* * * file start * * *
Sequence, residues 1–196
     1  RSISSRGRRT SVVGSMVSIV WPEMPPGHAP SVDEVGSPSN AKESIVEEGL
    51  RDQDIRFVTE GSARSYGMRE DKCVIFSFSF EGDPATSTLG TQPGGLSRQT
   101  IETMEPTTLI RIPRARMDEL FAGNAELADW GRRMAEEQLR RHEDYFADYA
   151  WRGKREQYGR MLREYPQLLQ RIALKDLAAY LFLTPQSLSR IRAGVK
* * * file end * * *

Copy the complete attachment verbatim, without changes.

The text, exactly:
Sequence, residues 1–196
     1  RSISSRGRRT SVVGSMVSIV WPEMPPGHAP SVDEVGSPSN AKESIVEEGL
    51  RDQDIRFVTE GSARSYGMRE DKCVIFSFSF EGDPATSTLG TQPGGLSRQT
   101  IETMEPTTLI RIPRARMDEL FAGNAELADW GRRMAEEQLR RHEDYFADYA
   151  WRGKREQYGR MLREYPQLLQ RIALKDLAAY LFLTPQSLSR IRAGVK